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Thomas Nadelhoffer

First, thanks for posting this. I have some more substantive thoughts to share soon. But for now, I wanted to post a link to something I have been meaning to share for a while now--namely, a piece over at Digressions & Impressions from a few months ago by Eric Schliesser called "On Depression in Graduate School." I think we need more stories like this as part of the CR campaign mentioned in the present post. It's important for those without mental illnesses to appreciate just how rampant depression and other mental illnesses are in the profession. Once we have a better since for the magnitude of the problem we can start working towards solutions. That said, here is the link:


Wesley Buckwalter

I wanted to comment on the general issue you raise about the distinction of "physical or mental" mind-body dichotomies. I agree that this distinction can be troublesome, in that it can lead to negative effects and may encourage harmful mental health stigmatization. In fact, many believe the distinction contributes to a growing crisis in psychiatric treatment and research about how disorders should be separated and categorized. But it may not always be due to ignorance, privileged, or ablest points-of-view, and there are at least some reasons for it. In psychiatry, for instance, the issue is that while our best science, medicine, and philosophy tells us that we should reject the dichotomy as a false view of the mind, drawing on the distinction can nonetheless still be very effective in the course of clinical treatment. The reason it can sometimes be effective is because emphasizing psychological over biological origins of a disorder can, rightly or wrongly, impart a feeling of greater control to the individual. Of course, this does not mean the distinction shouldn’t be eliminated as you suggest, perhaps other methods could be effective that minimize the consequences associated with the dichotomy. For those interested there is a great paper demonstrating that biases associated with the dichotomy persist among highly knowledgeable mental health professionals.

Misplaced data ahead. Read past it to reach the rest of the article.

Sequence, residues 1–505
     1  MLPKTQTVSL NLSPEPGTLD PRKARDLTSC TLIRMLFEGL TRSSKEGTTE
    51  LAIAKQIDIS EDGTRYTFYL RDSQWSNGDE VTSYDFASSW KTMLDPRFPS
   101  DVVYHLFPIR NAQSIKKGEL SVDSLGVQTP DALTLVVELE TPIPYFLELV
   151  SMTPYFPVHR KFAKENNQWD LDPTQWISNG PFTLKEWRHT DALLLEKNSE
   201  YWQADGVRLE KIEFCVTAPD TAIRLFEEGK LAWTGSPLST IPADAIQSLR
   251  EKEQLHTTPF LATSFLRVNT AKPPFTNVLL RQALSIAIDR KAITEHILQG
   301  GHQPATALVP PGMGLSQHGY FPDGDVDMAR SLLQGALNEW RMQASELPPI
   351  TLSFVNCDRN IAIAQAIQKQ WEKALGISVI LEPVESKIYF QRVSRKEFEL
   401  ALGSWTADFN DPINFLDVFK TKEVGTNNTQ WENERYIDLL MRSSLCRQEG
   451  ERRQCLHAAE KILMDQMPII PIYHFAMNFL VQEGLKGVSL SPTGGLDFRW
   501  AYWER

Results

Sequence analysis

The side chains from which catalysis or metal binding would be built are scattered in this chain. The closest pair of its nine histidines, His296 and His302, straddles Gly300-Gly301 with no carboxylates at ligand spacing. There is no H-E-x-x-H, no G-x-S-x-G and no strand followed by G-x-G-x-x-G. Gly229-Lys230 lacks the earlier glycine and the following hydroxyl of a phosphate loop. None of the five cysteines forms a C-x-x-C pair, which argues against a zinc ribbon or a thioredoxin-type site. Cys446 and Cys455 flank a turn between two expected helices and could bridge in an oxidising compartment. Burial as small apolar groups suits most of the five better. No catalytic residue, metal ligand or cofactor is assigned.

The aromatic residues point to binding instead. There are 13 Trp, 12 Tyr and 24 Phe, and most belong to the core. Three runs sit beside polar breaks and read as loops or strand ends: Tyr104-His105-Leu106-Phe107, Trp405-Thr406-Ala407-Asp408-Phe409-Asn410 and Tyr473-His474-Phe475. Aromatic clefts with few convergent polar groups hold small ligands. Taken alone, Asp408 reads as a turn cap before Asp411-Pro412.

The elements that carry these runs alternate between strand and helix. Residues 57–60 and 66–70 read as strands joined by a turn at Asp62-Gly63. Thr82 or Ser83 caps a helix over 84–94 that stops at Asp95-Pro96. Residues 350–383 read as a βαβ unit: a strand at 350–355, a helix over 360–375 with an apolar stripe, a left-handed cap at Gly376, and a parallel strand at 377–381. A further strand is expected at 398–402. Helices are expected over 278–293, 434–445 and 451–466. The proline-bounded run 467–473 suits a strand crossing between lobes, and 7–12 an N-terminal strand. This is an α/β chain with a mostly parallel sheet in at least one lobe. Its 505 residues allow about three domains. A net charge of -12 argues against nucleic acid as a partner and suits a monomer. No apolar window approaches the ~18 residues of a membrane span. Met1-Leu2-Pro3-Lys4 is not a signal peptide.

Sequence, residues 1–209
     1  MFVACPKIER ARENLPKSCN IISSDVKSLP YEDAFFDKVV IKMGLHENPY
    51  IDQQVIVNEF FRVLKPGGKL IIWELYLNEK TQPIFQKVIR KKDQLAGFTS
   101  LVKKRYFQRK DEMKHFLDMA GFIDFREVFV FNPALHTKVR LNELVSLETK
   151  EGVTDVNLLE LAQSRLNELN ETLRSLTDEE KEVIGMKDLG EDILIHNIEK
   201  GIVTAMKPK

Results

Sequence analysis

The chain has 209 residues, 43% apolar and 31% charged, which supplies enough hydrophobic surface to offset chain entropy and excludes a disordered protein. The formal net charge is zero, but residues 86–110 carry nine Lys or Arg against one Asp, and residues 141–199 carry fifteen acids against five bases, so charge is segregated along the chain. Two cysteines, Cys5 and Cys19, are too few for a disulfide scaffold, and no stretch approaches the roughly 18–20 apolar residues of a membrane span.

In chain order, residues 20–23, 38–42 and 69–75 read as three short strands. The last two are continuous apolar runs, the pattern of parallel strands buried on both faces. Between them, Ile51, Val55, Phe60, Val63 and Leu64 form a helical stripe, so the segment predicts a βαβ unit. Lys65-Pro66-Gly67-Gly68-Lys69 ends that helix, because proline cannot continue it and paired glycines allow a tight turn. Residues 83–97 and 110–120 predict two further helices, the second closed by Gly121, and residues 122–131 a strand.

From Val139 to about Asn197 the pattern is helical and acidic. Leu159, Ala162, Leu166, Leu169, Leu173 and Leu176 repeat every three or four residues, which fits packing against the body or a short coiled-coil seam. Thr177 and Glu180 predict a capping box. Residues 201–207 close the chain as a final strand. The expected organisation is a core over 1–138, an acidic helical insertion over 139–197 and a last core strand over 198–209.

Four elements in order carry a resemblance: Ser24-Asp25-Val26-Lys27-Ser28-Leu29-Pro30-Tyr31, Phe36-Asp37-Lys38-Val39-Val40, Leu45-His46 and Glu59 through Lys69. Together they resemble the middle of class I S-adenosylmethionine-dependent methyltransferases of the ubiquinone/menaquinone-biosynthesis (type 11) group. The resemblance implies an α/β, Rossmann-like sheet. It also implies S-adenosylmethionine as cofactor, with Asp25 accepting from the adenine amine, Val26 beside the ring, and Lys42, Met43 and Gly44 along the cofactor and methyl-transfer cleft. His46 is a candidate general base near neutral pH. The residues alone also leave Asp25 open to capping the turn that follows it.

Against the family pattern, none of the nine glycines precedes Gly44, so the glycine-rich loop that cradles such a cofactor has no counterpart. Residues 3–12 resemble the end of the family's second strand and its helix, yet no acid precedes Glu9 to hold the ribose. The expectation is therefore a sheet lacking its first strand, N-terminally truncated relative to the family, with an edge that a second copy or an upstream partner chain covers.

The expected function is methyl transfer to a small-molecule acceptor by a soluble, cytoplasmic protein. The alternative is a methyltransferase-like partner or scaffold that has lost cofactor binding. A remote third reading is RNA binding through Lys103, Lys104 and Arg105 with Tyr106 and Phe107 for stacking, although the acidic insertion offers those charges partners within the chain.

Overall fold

Kevin Timpe

I think this is a great post and an important conversation for us to have.

I do think that the physical vs mental (cognitive/intellectual) is sometimes still a pretty important issue. In many cases, I think you're right that the larger genus, if it is in fact a genus, is what's important. And depending on how we understand the distinction in question (after all, depression and cognitive disabilities are often 'physical' in that the brain, its chemistry, its structure are involved).

I think that consciousness raising will likely depend on details, that sometimes will track the above distinction. Just a quick example. We have a handicapped parking placard, which we use when our son (and especially the other children) is with us. He's able to walk (though in ways that are often visually different). But his disability impacts his awareness of his surroundings and walking through a parking lot is a dangerous place. Part of consciousness raising in a public way might involve making it more understandable to individuals that not just physical but other kinds of disability are relevant to something as 'public' as parking.

I know that this is a smaller part of the large issues that you're raising here. But I think that sometimes the distinction will be part of those larger issues (even if in others, they're not).

Kathryn Pogin

I had posted the following on facebook, and someone just asked me if I would share it here too, in the hopes that it might generate further discussion:

Lauren Leydon-Hardy and I had a conversation today about a comment on [the Philosophy and Depression post at Daily Nous] from a prospective student suggesting that issues of mental health ought to be considered in how a department runs, and in what information they offer prospective students (to which I replied, so as not to hijack, in a different thread here: http://dailynous.com/2015/02/20/recruitment-weekend-department-climate/#comment-55460 ) As Lauren said, "[I]t was as easy as getting on the phone for 15 minutes today to make sure that during recruitment weekend our DGS and chair are prepared to open the door for students with disabilities to get the resources they need, in order to thrive in our department. Grad students -- have that conversation! All of our universities should have systems of accommodations and resources in place, but we shouldn't assume that they are adequate for the needs of every community member, and we shouldn't assume that they are well advertised. Let's do what we can to make all of our departments welcoming in this way." I encourage others who are gearing up from recruitment events to consider doing likewise.

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